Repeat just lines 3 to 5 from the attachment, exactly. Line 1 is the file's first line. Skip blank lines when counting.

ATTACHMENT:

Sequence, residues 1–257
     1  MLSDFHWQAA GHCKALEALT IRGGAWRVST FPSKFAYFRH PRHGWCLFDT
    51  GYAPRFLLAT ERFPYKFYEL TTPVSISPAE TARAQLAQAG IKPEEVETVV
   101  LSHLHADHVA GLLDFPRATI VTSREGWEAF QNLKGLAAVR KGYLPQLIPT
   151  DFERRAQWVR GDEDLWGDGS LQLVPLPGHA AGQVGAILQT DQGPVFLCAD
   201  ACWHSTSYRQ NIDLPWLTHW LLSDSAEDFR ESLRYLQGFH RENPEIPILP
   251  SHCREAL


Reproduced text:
    51  GYAPRFLLAT ERFPYKFYEL TTPVSISPAE TARAQLAQAG IKPEEVETVV
   101  LSHLHADHVA GLLDFPRATI VTSREGWEAF QNLKGLAAVR KGYLPQLIPT
   151  DFERRAQWVR GDEDLWGDGS LQLVPLPGHA AGQVGAILQT DQGPVFLCAD